British mercenary on trial in Equitorial Guinea

The trial of Ex- SAS soldier and mercenary Simon Mann started Tuesday in the sub-Saharan African country. He is charged with masterminding a coup plot against the country's President Obiang, widely perceived as being abusive and corrupt.


The trial of British mercenary Simon Mann on charges of plotting a 2004 coup in Equatorial Guinea opened Tuesday under heavy security with the chief prosecutor calling for a 30-year sentence.

The prosecutor told the court that Mann was the mastermind of a group of people who "wanted to topple the legal government".

The charge was potentially a capital one, but Attorney General Jose Olo Obono said waiving the death penalty had been a pre-condition of Mann's extradition from Zimbabwe earlier this year.

Dressed in a grey prison outfit with blue stripes on the back, Mann looked nervous and appeared to have lost some weight as he arrived at the trial venue -- a conference center in the capital Malabo.

There was a strong police presence and journalists were not allowed to take cameras or notebooks into court. Rubber sandals were handed out to people whose shoes were deemed suspicious.

Other well-connected Britons such as Mark Thatcher, the son of former British prime minister Margaret Thatcher, and London-based millionaire businessman Ely Calil, have been linked to the failed coup bid.

Mann -- the heir to a brewing fortune who was educated at Eton and served in Britain's elite Special Air Services (SAS) after training at the prestigious British military academy Sandhurst -- was secretly extradited to Equatorial Guinea this year from Zimbabwe.

The 55-year-old had been arrested in 2004 at Harare's international airport with 61 alleged accomplices when their plane touched down en route to Equatorial Guinea.

The authorities there accused them of trying to pick up arms before teaming up with a team led by a South African, Nick du Toit, to launch a coup against Equatorial Guinea's President Teodor Obiang Nguema.

Du Toit has since been jailed for 34 years in Equatorial Guinea and Mann spent four years in prison in Zimbabwe before being extradited to stand trial in Equitorial Guinea.

In the 1990s, Mann had set up a security consultancy called Executive Outcomes to protect businesses in conflict zones and allegedly earned millions from Angola, one of Africa's top oil producers, to guard oil installations against rebel attacks.

He also set up another private security firm, Sandline International, which was soon being linked to a 10-year civil war in the west African country of Sierra Leone, one of the most brutal conflicts in modern history.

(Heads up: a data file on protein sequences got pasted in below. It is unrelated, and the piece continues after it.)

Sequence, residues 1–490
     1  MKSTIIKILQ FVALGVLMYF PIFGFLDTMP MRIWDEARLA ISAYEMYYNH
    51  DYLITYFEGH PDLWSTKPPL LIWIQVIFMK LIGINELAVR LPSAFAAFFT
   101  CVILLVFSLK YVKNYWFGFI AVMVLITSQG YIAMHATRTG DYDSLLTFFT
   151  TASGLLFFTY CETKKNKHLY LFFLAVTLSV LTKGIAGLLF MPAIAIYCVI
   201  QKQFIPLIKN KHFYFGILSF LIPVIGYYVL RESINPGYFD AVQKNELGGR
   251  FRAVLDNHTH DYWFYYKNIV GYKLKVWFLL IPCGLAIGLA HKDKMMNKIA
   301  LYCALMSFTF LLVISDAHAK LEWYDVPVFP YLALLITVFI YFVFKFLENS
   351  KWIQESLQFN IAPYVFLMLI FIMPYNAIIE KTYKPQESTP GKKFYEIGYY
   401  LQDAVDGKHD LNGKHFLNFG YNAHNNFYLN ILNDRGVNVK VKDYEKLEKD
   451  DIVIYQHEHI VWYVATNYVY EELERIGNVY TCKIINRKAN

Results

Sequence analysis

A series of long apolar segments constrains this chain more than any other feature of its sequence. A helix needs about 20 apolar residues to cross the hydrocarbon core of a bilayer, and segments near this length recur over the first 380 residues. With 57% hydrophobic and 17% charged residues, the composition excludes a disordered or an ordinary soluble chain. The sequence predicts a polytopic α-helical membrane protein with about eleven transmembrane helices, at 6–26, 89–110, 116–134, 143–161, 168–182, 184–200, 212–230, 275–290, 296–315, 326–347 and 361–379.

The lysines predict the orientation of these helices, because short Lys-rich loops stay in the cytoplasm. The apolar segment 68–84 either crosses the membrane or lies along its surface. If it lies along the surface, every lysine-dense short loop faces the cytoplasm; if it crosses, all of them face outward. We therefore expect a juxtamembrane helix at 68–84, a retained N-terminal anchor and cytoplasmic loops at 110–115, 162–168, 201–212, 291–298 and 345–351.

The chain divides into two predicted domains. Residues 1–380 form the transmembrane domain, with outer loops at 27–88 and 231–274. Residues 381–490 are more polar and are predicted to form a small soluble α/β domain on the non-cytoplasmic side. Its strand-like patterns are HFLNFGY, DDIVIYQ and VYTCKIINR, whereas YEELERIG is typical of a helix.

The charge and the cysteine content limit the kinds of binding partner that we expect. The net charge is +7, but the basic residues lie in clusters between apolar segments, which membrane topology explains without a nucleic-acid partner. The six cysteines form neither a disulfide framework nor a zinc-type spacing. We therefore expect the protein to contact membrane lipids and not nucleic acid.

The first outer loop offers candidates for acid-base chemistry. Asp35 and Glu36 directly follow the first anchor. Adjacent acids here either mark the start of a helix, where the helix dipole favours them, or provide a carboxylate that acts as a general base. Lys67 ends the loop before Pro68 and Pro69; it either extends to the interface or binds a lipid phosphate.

In an interview with Britain's Channel 4 News from his prison cell in Malabo, Mann acknowledged having been involved in the coup plot but said that he had not been the mastermind.

He accused Spain and South Africa, and named Calil as having been involved.

Equatorial Guinea has also issued an international arrest warrant for Mark Thatcher, accusing him of having been one of those behind the plot.

President Obiang, who is accused by critics of stifling democracy and trampling on human rights and of frittering away the country's new-found oil riches with his family members and aides, has said he will not seek vengeance.

Obiang told Channel 4 the trial was not "an act of revenge."

The country's attorney general, Jose Olo Obono told AFP that "the court will prove that there was an attempted coup masterminded by Simon Mann and other businessmen, including Ely Calil."

Equatorial Guinea minister Fortunato Ofa Mbo, the Secretary General to the Government Presidency, is also facing trial for allegedly keeping secret the information he had on a businessman's bid to destabilise the country.

Ofa Mbo, who at the time was the fisheries minister, had allegedly helped  Calil.

President Obiang has been in power in Equatorial Guinea since he overthrew his own uncle, Francisco Macias Nguema, in 1979. Under his iron rule the country became one of sub-Saharan Africa's biggest oil producers but few have benefitted from the petrol boom. Oil revenues are a state secret.

Human rights groups say Obiang is one of the worst abusers of human rights in Africa.

In last month's parliamentary election, the president's ruling party and his allies obtained 99 of 100 seats in elections, according to the official results.

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